Richard Fairhurst <richard / systemed.net> writes:

> I'm trying to write these opcode by opcode, and get a bytestream out the
> end of it. Currently I'm just appending each opcode to a long string
> (m+='00111'), and when it comes to writing it out, splitting this every
> eight characters and converting back to a single character. But this is
> awfully slow.
>
> Can anyone suggest a faster way?

How are you going from your string of 0s and 1s to bytes?

Might I suggest that the fastest way to do that part of the job is
this?

outstring = [m].pack("B*")

That'll pack things the way you seem to want them, and it'll
appropriately null-pad the last byte.

If you want to crunch 0s and 1s into bytes as you're building up your
opcode string, one possibility is to add this into whatever loop it is
that is appending opcodes:

while m.length > 40 do
  outstring += [m.slice!(0...40)].pack("B*")
end

That pulls bytes off m five bytes at a time.  The goal is to try to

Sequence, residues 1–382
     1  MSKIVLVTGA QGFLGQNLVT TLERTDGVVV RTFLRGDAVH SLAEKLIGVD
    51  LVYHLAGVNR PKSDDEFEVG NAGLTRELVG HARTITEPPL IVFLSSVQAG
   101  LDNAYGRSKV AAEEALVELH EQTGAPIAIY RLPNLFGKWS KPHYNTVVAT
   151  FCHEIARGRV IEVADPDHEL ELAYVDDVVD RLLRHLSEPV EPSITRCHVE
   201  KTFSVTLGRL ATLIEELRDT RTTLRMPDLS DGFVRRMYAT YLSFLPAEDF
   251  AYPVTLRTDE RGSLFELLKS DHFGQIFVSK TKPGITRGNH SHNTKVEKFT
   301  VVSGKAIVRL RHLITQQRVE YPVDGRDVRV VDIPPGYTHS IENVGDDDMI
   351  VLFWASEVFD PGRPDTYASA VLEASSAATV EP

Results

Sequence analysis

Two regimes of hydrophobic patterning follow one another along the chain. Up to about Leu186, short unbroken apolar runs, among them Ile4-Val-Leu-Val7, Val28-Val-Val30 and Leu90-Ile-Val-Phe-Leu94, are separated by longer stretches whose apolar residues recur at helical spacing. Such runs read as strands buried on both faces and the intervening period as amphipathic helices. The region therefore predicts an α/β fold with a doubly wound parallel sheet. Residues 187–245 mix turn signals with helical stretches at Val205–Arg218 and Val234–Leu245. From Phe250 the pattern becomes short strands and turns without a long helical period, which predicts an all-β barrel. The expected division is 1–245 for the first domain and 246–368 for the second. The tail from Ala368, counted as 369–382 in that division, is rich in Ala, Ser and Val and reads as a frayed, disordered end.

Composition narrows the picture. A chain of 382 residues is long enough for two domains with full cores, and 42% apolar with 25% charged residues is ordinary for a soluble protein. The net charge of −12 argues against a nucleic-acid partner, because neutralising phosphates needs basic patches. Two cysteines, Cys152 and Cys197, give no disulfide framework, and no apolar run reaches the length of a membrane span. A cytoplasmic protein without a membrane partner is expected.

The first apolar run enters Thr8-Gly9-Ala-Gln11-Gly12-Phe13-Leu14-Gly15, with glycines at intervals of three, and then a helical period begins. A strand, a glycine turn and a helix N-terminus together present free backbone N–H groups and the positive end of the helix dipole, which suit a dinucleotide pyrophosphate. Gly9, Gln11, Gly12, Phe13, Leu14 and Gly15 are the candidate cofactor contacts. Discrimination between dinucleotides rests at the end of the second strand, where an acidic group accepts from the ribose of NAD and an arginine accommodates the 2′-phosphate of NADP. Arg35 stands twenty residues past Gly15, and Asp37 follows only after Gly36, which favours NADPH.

strike a balance between letting m get too large (which makes
manipulating it in memory slightly slower) and letting pack - written
in C - do its job efficiently.  (pack is going to be more efficient
the larger the input)

You'll still need to at the very end do
  outstring += [m].pack("B*")
to get the remainder.

You can experiment with how much to pull off of m at a time to see
what value makes your particular program fastest.  For your purposes,
you may well find that the fastest solution is to not do any
0s-and-1s-to-bytes operations in your loop, and simply use pack at the
end.

-- 
s=%q(  Daniel Martin -- martin / snowplow.org
       puts "s=%q(#{s})",s.to_a.last       )
       puts "s=%q(#{s})",s.to_a.last